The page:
I was a passenger in my sister’s car when she lost control of the vehicle. They told me that I had broken my back, was paralyzed, and I would not be able to walk again. I would eventually regain feeling in the affected areas; but with that feeling came immense pain. From the accident to 2008, I was being prescribed numerous prescription pain killers to deal with the pain. Eventually, I was misusing these pills and became addicted to opioids. Under the influence of these drugs, I’d sometimes collapse while doing the dishes and was becoming oblivious to my surroundings. In a way I liked it, because these medications numbed me to the trauma I had experienced and bottled up. My kids didn’t like being around me when I was on these medications. It got so bad that my mother and daughter found me seizing in the fetal position. My body was shutting down but they got me to the hospital in time, and I survived.

I was angry about this because part of me didn’t want to be alive anymore. I tried to overdose again but was unsuccessful.

A few weeks later I was arrested by the DEA for selling drugs and was sent to a state prison. I went through detox and became sick but eventually overcame it. I found ways to continue using while inside prison but decided to stop after an epiphany. I remember wanting to use one day and something just clicked; I didn’t want this to be my life anymore. I noticed several girls leaving prison then coming right back in like clockwork. I realized that I didn’t want to be one of these women. I wasn’t scared of returning to prison though, I was scared of returning to the mental prison I had built for myself. I wanted to escape this mental prison and become someone that my kids could be proud of.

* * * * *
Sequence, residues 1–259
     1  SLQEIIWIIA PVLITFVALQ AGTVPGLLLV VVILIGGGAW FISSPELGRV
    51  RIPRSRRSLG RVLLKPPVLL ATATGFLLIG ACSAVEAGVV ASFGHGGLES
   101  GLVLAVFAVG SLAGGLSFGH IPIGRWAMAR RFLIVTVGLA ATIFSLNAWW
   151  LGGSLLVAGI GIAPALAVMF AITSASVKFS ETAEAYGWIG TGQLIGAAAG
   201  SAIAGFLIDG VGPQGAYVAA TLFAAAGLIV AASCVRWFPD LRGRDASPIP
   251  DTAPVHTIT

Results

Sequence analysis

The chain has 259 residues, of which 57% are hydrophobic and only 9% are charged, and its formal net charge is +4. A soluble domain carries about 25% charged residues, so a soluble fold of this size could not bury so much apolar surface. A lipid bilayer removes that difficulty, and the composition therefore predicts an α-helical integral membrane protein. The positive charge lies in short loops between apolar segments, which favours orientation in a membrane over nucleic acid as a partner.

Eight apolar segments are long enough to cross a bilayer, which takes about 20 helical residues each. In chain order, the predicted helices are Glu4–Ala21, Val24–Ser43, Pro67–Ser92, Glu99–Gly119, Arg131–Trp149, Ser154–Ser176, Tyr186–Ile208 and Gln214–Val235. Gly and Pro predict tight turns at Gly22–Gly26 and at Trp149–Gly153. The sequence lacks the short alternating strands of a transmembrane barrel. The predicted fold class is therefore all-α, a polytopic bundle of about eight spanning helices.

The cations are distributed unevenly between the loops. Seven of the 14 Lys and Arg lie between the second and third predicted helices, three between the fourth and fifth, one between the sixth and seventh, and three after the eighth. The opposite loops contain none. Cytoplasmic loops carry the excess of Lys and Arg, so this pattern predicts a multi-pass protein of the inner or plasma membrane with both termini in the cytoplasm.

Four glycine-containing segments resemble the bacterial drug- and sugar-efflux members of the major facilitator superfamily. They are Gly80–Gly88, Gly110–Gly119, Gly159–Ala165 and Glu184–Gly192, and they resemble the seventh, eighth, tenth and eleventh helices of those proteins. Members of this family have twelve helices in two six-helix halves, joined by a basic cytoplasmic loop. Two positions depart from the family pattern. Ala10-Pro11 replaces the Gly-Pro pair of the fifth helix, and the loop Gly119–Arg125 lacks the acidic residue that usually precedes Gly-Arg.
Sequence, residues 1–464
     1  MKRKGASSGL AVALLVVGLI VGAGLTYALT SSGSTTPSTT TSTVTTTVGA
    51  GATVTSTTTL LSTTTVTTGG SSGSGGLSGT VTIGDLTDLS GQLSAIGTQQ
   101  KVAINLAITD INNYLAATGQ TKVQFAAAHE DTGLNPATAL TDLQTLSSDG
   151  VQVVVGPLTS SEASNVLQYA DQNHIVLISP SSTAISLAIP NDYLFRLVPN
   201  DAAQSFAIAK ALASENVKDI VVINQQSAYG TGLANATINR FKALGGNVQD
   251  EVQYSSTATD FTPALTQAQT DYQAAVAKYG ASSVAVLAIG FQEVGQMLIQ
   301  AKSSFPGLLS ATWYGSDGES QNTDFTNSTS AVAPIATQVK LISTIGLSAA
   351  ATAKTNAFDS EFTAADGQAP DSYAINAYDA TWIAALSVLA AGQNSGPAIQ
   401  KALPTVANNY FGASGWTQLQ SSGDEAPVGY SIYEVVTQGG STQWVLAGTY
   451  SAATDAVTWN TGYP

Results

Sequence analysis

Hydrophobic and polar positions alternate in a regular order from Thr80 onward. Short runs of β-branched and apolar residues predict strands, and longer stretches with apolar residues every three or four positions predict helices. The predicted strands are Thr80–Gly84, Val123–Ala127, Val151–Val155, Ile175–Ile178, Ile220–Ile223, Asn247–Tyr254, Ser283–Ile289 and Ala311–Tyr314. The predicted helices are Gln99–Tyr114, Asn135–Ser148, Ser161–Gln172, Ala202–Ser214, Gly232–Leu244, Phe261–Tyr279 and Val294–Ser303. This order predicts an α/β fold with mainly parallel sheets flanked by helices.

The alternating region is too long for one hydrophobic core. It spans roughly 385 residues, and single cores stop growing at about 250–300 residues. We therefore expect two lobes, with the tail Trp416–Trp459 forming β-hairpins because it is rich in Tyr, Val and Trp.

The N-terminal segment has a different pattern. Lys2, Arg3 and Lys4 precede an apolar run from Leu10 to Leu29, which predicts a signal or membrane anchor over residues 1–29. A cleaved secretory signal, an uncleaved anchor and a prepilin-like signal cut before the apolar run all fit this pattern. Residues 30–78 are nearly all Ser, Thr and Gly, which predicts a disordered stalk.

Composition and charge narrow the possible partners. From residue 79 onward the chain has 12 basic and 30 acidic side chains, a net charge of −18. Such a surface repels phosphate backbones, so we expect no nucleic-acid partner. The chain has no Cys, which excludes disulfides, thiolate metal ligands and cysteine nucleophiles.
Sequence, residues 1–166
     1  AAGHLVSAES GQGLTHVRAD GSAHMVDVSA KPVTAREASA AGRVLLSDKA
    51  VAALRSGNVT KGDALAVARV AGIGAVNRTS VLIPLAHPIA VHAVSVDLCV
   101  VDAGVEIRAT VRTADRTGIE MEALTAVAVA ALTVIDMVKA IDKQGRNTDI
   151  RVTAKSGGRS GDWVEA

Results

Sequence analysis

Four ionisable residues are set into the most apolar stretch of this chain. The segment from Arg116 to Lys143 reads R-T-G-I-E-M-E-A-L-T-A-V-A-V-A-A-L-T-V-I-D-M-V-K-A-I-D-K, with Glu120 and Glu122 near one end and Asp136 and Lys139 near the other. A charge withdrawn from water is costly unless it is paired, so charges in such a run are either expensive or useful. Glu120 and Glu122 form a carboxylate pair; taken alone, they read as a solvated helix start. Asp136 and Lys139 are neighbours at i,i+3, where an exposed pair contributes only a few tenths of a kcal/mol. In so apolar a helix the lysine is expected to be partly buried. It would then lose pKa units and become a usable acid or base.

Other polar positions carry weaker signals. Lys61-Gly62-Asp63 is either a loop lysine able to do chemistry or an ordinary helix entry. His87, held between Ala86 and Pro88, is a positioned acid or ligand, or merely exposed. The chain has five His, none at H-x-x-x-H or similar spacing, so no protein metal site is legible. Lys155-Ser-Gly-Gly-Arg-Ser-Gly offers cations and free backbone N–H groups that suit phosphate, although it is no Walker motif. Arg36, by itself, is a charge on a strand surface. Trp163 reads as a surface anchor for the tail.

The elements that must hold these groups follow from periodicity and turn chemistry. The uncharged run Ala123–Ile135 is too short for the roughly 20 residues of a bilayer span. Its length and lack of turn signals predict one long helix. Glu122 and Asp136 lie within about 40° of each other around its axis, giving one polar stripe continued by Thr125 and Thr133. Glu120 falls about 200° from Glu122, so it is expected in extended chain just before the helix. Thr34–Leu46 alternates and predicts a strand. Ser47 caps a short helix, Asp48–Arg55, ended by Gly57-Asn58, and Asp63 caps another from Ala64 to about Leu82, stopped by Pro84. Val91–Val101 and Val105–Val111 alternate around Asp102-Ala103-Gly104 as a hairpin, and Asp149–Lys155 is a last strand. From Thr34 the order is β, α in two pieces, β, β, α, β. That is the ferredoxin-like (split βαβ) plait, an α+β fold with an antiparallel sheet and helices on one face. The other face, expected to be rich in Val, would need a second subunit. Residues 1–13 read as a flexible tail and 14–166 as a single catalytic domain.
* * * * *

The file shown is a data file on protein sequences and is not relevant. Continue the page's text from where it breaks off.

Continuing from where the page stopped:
When I got out of prison, my parole mandated that I attend AA meetings. I found the work required in the 12 steps to be very healing. Over time I realized that I was responding better to Christian based treatment programs and became more and more involved in them. I haven’t used any drugs since 2009, and I have become very active in the treatment communities that were integral to my sobriety. Right now I’m on the board of directors for the Christian Life Prison and Recovery Ministry. I also opened a home for girls called True Light. I always wanted to create a safe haven for women after the experiences I went through. I opened one when I realized so many women were experiencing abuse and addiction but were being turned away from recovery houses. Women who become addicted become vulnerable to exploitation, and it’s hard to escape. Most of the women in my home are trying to recover not just from addiction, but past trauma as well. As someone who overcame that trauma, I want to be there for them.